Not only did the state of Kansas lose the lawsuit over its voter registration law, the state might have to pick up additional expenses for the other side
The ruling that struck down the state's proof-of-citizenship voter registration law leaves Kansas potentially on the hook to pay attorney's fees and costs.
A joint motion filed Monday in a case challenging the state law asks the court to hold off awarding those until resolution of any appeal.
The filing says a final amount will depend on the time spent on the anticipated appeal.
It also notes attorneys are still verifying Kansas Secretary of State Kris Kobach's compliance with the latest ruling.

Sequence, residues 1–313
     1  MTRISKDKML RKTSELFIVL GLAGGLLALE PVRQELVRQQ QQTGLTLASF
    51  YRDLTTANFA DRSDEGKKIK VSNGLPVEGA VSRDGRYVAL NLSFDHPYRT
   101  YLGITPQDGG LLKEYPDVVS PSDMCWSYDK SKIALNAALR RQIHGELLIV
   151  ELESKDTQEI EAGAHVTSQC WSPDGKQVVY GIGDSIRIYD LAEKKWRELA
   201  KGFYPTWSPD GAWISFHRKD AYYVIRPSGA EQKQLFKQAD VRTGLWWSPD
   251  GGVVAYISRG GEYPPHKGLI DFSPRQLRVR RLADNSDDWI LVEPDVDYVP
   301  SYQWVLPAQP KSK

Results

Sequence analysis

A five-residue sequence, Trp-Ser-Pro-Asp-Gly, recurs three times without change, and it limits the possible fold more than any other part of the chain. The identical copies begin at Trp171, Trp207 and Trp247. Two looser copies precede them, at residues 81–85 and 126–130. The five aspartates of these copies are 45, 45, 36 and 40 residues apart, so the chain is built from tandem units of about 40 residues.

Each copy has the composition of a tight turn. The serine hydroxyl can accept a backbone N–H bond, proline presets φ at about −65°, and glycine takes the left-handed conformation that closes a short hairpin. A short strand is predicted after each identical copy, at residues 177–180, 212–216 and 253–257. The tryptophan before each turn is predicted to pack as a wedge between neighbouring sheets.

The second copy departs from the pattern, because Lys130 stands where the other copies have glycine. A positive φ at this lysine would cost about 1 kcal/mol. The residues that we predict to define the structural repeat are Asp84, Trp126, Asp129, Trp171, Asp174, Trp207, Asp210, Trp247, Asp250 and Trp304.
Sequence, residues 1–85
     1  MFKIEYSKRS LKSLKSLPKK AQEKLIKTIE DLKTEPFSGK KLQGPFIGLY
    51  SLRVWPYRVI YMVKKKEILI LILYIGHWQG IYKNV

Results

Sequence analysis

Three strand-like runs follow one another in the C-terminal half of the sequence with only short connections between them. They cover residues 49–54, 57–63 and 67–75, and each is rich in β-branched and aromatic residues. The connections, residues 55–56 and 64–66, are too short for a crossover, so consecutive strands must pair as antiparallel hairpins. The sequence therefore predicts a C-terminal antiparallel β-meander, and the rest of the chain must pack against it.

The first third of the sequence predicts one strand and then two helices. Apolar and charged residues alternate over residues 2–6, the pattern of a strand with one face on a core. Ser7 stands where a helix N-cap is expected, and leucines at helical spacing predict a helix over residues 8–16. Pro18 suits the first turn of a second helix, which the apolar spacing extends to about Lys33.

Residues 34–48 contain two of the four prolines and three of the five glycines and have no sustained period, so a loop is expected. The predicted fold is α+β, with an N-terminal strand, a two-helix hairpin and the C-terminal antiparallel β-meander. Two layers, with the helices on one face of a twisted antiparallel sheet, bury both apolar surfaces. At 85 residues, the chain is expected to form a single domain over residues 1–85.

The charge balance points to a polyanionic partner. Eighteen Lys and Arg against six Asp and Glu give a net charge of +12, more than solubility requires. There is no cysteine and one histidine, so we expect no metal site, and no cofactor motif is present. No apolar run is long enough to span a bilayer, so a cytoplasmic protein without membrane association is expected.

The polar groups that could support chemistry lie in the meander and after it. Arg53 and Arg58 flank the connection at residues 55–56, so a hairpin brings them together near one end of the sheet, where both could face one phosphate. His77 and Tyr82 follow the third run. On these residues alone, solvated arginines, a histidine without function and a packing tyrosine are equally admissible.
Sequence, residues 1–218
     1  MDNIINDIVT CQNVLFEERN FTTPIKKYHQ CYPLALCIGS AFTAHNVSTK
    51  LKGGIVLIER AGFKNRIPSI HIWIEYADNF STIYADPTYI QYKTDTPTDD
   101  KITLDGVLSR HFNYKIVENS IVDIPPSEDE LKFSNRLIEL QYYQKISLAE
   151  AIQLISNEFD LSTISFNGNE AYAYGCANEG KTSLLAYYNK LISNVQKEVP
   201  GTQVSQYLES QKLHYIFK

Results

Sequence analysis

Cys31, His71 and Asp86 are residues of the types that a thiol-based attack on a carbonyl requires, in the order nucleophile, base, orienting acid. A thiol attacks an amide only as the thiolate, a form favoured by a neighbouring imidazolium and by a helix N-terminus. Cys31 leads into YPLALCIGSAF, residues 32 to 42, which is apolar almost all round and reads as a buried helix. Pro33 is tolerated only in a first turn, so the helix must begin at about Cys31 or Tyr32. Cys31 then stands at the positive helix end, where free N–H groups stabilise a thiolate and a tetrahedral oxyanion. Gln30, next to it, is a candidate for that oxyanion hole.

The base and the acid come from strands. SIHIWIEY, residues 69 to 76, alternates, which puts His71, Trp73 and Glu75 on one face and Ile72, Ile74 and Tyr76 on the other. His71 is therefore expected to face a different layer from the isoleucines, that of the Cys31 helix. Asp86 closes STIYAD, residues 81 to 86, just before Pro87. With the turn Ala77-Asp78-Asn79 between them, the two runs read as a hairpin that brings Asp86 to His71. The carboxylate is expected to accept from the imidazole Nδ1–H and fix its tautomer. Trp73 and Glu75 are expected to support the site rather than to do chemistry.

This is separate from the more than $50,000 the American Civil Liberties Union seeks in attorney fees and other damages as punishment for Kobach violating an earlier order to fully register some voters.
The judge has not yet ruled on the amount for contempt.
The federal court ruled last month that the Kansas voting law was unconstitutional. As a result, more than 25,000 Kansans whose voter registration had been listed as incomplete due to lack of proof of citizenship, we be added to voting rolls.